As part of your cross-training endeavors, insist that all core processes be documented in standard operating procedures (SOPs). Nothing workflow-related should ever live in one person’s head; that’s dangerous to the future of your organization. SOPs ensure that there’s a way to train and track the performance of each function across your operation. You’ll find that cross-training new hires is far simpler when you have instructions and policies outlined and accessible to all.
2. Run financial decisions through a smart meter
Before making any major purchases or spending significant amounts of money, ask yourself a few things. First, “How does this benefit our team or our clients?” If you can’t see a benefit, you probably need to put on the brakes. Secondly, ask, “Will this contribute to our long-term marketing and sales goals?” You should have both short-term and future-focused objectives planned out, and financial choices should help move the needle on those plans. Basically, your questions are going to ensure that you’re prioritizing high-impact, effective spending aimed at giving you the most bang for your buck.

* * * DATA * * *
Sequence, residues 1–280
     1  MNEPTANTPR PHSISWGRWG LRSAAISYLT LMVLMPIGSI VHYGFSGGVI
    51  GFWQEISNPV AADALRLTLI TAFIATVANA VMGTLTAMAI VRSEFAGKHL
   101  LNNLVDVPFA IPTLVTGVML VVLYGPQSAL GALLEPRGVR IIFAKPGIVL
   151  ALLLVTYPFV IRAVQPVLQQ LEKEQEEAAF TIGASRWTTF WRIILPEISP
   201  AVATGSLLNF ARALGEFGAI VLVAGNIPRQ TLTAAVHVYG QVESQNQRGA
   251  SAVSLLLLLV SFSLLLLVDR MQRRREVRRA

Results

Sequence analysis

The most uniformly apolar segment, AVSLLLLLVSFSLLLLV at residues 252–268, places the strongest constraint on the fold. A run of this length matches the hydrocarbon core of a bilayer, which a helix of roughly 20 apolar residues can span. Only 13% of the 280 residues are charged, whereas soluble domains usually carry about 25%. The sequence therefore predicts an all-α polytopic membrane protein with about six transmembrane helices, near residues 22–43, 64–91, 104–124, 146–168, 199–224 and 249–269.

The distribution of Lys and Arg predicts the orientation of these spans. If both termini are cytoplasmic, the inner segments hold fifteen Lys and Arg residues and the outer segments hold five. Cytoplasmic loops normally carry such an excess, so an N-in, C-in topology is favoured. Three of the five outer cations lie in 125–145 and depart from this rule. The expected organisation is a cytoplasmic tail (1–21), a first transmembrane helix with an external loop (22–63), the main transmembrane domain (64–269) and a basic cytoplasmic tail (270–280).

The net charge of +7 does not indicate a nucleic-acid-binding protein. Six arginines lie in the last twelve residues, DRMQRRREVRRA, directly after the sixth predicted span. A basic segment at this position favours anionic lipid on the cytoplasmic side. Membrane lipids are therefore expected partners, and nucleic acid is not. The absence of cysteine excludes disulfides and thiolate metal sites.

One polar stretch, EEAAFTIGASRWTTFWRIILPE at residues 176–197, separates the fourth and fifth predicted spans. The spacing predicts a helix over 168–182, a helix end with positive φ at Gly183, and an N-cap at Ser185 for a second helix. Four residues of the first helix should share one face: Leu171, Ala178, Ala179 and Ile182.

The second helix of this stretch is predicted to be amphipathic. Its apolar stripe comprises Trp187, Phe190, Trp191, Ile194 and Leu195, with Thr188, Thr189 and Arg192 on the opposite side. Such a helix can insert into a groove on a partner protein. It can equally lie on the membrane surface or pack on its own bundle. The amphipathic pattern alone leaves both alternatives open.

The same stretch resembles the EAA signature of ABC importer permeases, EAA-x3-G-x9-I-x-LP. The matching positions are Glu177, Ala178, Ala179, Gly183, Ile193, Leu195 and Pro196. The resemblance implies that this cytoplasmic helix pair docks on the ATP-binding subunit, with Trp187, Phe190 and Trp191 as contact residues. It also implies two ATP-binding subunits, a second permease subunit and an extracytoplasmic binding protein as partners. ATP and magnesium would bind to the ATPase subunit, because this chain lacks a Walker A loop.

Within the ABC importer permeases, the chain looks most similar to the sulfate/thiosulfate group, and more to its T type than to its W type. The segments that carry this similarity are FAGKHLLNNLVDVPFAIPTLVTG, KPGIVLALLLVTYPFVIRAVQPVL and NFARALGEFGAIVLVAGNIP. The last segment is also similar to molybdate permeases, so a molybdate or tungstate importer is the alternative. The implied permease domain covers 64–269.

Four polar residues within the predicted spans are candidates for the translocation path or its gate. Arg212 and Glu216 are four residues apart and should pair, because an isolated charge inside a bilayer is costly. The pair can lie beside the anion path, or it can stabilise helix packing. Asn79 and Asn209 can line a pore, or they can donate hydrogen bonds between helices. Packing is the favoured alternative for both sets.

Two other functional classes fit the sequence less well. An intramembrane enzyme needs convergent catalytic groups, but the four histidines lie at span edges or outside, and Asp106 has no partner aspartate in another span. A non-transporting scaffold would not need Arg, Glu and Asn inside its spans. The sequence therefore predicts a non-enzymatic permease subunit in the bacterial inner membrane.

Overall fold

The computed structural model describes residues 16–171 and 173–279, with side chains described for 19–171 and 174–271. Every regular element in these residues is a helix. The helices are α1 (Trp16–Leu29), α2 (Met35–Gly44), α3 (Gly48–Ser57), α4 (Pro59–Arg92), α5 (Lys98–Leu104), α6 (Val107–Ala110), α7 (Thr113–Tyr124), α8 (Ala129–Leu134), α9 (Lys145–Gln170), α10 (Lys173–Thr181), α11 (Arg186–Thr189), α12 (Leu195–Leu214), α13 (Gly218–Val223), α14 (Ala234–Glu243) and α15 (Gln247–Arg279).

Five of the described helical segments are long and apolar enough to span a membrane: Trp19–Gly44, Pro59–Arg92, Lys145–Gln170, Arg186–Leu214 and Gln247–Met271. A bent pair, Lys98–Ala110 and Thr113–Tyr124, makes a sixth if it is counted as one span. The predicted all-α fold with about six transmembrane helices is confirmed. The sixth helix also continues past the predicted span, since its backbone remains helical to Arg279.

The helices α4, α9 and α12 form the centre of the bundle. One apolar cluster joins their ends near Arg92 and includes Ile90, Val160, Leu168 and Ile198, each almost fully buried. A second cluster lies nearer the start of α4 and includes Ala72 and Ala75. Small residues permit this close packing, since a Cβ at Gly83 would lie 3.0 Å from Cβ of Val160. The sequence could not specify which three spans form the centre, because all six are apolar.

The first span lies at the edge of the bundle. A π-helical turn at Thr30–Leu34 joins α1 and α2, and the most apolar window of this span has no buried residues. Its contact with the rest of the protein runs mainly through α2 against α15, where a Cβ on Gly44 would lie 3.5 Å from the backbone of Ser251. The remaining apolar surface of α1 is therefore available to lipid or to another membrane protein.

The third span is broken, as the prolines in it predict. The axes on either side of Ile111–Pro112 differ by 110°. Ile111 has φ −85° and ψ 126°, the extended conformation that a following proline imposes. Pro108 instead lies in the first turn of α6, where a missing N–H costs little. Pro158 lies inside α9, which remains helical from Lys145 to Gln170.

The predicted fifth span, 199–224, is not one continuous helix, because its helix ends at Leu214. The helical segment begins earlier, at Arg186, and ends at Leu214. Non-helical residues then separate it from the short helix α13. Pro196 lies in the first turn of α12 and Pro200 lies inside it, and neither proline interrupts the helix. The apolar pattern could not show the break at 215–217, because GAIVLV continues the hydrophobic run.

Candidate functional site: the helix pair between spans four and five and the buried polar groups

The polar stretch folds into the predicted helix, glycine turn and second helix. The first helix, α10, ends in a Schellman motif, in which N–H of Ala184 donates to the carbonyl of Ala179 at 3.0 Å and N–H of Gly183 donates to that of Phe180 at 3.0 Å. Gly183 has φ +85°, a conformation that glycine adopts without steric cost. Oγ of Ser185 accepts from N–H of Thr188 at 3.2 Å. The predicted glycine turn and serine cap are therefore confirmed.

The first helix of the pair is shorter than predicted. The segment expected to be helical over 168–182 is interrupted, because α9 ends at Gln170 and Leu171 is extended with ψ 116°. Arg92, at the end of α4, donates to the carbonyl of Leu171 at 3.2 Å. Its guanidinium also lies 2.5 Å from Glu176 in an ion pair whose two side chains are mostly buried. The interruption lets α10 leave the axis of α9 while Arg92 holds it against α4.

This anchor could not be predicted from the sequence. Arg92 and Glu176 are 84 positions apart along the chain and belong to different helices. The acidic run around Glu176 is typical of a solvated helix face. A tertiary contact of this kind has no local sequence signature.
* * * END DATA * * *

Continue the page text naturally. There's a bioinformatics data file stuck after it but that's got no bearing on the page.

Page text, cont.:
Be sure to take your data into consideration to help guide you through this process. RTInsights cites survey results from HFS Research showing that 75% of business leaders distrust their data. If you’re among that group, find a way to feel more comfortable with the data available to you, such as improving your data collection and analysis system or software. Leveraging data to help you make more informed decisions (especially during economic turbulence) makes more sense than gambling on gut instincts, which can feel right but can be very wrong.
3. Lean into revenue stream diversification
In 2020, our company was in a fortunate position; we have an international client base, meaning our revenue streams were diversified across organizations in multiple industries. This variety prevented us from being in a position where we’d lose a ton of value if a single client submitted a cancellation.
Look at your client base today. How much revenue would you lose if your biggest client decided to go elsewhere? A healthy response would be 10% or less. That way, you won’t be completely wiped out in the event that the unthinkable happens. You’ll take a hit, for sure, but it won’t be something that you can’t recover from with some extra hustle.
The good news is that if you’re keeping your marketing and sales efforts strong, you shouldn’t have a problem replacing a lost client. Never forget that even in recessions, businesses are hiring B2B outsourcing partners. With leads coming in and salespeople working hard, you can still succeed even if you experience churn.
There are never any guarantees in business, and you can’t control the marketplace — but you can control the way you prepare for and respond to economic tailwinds. Instead of assuming you have to slash and burn across your operations, take a more thoughtful and nuanced approach to where, how and when you scale back so you don’t accidentally cut off sales and marketing, your organization’s lifeblood.